Some conservatives said the women’s movement has discriminated against conservative-minded female candidates. McMorris Rodgers said female business owners in her district have lost clients because they’ve endorsed her. In response, she created a new group in her district for politically like-minded women.

“For many that are on the left, if you don’t agree with them 100 percent, then you’re ‘anti-women,’” she said in an interview. “Because I’m a Republican, that it’s almost like I’m dismissed or [my work for women] doesn’t count.”

Dana Rohrabacher is pictured. | Getty

But it’s not just Democrats, or Trump, who make it challenging for Republican woman. While Democrats tend to favor female candidates over men, all things being equal, some Republican women say their gender is held against them by a sliver of voters in their party.

“For the men, it is a challenge for a lot of them,” said Rep. Kristi Noem, who’s running for governor of South Dakota, a state she referred to as “a good ol’ boys club.” “For some reason, they were willing to vote to send a woman to Congress for years, but to put a woman in the governor’s office, it’s very different.”

She added: “I didn’t anticipate that being an issue. And we think, in our primary, we lost several points because of that.”

That might be why some Republican women from very conservative districts or states rarely emphasize their gender. Tennessee Rep. Marsha Blackburn — whose allies worry she could lose her bid for Senate because some male Republicans would rather vote for her Democratic challenger, former Gov. Phil Bredesen, because he’s a man — asks people to call her “congressman,” not “congresswoman.”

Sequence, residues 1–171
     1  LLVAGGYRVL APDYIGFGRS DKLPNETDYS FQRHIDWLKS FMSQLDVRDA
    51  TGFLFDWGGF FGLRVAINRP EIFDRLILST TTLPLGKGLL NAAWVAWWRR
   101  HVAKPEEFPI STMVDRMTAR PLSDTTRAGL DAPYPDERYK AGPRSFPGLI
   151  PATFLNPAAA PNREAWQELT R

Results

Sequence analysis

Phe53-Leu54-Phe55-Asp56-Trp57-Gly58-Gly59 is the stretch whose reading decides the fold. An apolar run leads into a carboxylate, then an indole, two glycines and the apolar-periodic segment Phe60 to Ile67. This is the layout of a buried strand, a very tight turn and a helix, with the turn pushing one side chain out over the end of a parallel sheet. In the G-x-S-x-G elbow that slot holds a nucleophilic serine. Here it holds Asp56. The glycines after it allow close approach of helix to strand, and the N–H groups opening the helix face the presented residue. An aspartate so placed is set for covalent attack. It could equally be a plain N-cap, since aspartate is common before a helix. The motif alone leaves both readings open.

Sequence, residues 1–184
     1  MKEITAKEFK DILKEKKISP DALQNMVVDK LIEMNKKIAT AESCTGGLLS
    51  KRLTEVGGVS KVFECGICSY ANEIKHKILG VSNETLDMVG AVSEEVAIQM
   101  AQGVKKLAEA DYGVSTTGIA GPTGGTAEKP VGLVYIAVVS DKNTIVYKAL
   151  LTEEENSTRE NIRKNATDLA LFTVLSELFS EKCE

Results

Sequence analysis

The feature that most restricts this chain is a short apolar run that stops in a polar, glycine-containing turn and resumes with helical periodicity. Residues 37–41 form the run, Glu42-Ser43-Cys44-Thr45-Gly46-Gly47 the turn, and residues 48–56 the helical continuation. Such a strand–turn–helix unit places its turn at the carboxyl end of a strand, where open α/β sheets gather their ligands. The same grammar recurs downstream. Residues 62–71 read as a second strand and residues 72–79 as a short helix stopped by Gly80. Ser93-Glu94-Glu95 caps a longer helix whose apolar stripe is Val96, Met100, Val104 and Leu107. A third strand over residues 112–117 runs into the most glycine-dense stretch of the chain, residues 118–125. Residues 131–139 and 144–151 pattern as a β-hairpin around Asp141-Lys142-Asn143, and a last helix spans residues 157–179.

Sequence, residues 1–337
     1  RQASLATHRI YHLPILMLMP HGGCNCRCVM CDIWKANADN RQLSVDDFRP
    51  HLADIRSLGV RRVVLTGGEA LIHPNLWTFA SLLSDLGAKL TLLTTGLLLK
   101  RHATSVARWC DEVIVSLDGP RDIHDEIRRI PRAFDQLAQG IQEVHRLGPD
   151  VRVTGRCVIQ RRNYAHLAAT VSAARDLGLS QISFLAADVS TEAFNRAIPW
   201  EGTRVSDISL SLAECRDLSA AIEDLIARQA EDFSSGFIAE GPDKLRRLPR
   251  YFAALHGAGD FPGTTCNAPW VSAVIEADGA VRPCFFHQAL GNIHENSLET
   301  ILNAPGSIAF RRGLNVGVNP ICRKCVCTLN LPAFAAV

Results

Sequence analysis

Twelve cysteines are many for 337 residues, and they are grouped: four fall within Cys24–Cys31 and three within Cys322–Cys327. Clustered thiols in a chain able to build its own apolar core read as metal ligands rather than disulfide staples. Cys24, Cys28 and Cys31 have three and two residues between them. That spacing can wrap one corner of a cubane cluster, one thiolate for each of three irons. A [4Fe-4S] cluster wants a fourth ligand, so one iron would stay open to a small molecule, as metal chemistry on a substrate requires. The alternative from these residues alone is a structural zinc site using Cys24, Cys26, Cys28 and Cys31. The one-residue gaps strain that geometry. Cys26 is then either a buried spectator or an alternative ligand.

Similarly, Blackburn’s home-state colleague, Rep. Diane Black (R), went by “chairman” when she became the first head of the House Budget Committee.

“I’ve never run as a female candidate,” said Black, who is running for governor this fall. “I think, for me, I have always felt that it was best to just run as a good candidate… to let my credential speak instead of anything about my gender.”

Black would be the first female Republican governor of her state if elected, but that’s not something she’s touting. “I don’t even go around talking about it because I don’t want anybody to think that is the main purpose that I’m running or that I think that is going to help me win.”

Bob Corker is pictured. | AP

Republican women in competitive seats have a slightly different approach. McMorris Rodgers often talks about her experience getting married while serving in Congress — then becoming the mother of three, including a disabled child. Her personal story, she said, helps voters relate “to me more as a person and also as a representative.”

Despite their different districts and styles, Black and McMorris Rodgers agreed on this: At times they’ve felt left out or unable to identify with the women’s movement pulsing through the nation.

McMorris Rodgers recounted sending a video to organizers of a women’s march in Spokane, Washington, who decided not to show it. Black said she was “affronted” seeing girls age 10 or 11, she guessed, holding signs with curse words and condoms and tampons taped on them when she attended the women’s march in Washington with her daughters last year.